20/08/2019 Donald Tusk declines Johnson's changes in the EU's Brexit deal.
11/08/2019 The Institute of Government published the "Voting on Brexit" report that suggested it would be highly unlikely that a new deal would be finalised for the 31 October deadline.
23/07/2019 Boris Johnson elected new Tory leader and new PM.
09/07/2019 Pound heads for two-year low as holidays begin.
09/06/2019 Brexit uncertainty drives investment boost for other EU countries.
27/05/2019 European elections 2019: Brexit Party dominates as Tories and Labour suffer.
24/05/2019 Theresa May quits: UK set for new PM by end of July.
17/05/2019 Labour-Tory Brexit talks end without deal.
12/04/2019 Nigel Farage launches Brexit Party ahead of European elections.
11/04/2019 UK and EU agree to delay to 31 October.
30/03/2019 Brexit: MPs reject May’s EU withdrawal agreement.
28/03/2019 Brexit: no majority for any options after MPs’ votes.
20/03/2019 Theresa May to formally ask for a delay.
14/03/2019 MPs vote to delay Brexit after they rejected the idea of leaving the EU without a deal.
12/03/2019 MPs ignore May’s pleas and defeat her Brexit deal by 149 votes.
08/03/2019 Germany facing massive job losses – UK’s hard exit fears mount.
27/02/2019 Jeremy Corbyn says Labour will back another EU referendum after his alternative Brexit plan was again defeated in the Commons.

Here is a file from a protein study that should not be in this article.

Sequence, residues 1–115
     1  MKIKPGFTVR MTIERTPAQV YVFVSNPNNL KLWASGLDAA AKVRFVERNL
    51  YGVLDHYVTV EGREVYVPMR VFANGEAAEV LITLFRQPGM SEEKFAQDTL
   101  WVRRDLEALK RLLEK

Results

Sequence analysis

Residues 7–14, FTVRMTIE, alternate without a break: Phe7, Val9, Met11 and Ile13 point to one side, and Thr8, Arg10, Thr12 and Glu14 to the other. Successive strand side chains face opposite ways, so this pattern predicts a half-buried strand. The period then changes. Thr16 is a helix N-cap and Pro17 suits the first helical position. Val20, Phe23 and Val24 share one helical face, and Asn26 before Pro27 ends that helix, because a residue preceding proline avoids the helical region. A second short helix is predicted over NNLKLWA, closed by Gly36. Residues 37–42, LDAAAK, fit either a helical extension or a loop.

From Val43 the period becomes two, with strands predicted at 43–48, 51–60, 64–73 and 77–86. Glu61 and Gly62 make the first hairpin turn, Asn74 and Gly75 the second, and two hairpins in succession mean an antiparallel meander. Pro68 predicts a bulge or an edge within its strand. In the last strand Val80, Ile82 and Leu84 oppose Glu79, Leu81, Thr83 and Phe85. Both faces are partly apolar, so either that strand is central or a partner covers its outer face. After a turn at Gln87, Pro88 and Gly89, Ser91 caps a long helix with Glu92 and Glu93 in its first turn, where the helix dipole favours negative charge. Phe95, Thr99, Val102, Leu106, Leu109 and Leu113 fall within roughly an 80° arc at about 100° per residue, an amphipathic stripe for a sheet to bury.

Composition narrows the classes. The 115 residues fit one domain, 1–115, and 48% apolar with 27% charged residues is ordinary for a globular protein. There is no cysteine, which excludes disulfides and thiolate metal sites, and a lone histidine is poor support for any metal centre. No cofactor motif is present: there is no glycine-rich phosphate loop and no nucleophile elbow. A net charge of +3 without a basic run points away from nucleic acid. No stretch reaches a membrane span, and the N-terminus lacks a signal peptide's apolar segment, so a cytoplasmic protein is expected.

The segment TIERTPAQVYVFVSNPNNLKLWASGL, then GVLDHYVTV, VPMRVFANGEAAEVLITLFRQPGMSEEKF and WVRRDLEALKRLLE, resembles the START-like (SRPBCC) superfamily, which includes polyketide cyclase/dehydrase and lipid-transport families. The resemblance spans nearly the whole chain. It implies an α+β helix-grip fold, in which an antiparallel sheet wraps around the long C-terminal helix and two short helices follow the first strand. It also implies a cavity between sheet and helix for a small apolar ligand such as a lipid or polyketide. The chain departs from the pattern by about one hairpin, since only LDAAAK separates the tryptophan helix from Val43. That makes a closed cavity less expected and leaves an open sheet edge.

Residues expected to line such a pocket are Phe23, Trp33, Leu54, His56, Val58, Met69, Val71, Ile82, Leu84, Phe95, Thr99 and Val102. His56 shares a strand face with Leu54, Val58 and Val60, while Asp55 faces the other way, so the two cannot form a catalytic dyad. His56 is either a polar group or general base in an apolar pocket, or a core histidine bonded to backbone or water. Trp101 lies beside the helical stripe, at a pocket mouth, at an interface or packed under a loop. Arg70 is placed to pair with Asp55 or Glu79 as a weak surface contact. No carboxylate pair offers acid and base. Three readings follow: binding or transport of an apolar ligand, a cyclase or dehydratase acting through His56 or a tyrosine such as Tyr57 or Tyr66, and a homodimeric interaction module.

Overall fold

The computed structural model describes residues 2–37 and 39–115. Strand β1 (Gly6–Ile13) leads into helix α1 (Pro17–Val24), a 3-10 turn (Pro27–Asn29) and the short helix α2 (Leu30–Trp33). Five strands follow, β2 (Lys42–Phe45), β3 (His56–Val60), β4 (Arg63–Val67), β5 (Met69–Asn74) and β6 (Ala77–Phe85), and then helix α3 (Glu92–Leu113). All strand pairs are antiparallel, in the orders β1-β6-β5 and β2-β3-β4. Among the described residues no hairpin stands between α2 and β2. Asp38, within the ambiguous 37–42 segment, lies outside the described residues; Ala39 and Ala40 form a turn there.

26/02/2019 Theresa May has promised MPs a vote on delaying the UK’s departure from the EU or ruling out a no-deal Brexit, if they reject her deal next month.
20/02/2019 Three MPs quit Conservative and join the Independent Group.
18/02/2019 Seven MPs quit Labour over Brexit, forming the Independent Group.
14/02/2019 Theresa May is defeated in the Commons over her approach to Brexit.
29/01/2019 MPs vote to renegotiate the Irish backstop but also to reject a no-deal Brexit in principle.
21/01/2019 No second vote on Brexit deal likely before February, says No. 10.
16/01/2019 May’s government survives no-confidence vote.
15/01/2019 Brexit: Theresa May’s deal is voted down in historic Commons defeat.
07/01/2019 Brexit: date for a vote on Theresa May’s deal confirmed.
30/12/2018 Tory and Labour MPs to force Brexit delay if May’s deal is voted down.
14/12/2018 Brexit: EU says no to May on renegotiating the deal.
12/12/2018 Theresa May survives leadership challenge.
05/12/2018 Theresa May suffers three major defeats in the Commons as she proposes the UK Brexit deal, including finding the government in contempt of Parliament, demanding full disclosure of the legal advice given to the cabinet before the Brexit deal is agreed.
27/11/2018 US President Donald Trump says UK Brexit deal could harm the future of UK-US trade.
25/11/2018 EU leaders agree UK’s Brexit deal at Brussels summit.
15/11/2018 Cabinet ministers Dominic Raab (Brexit secretary) and Esther McVey (work and pensions secretary) resign over draft Brexit deal.
01/11/2018 Pound jumps on May’s Brexit deal on financial services.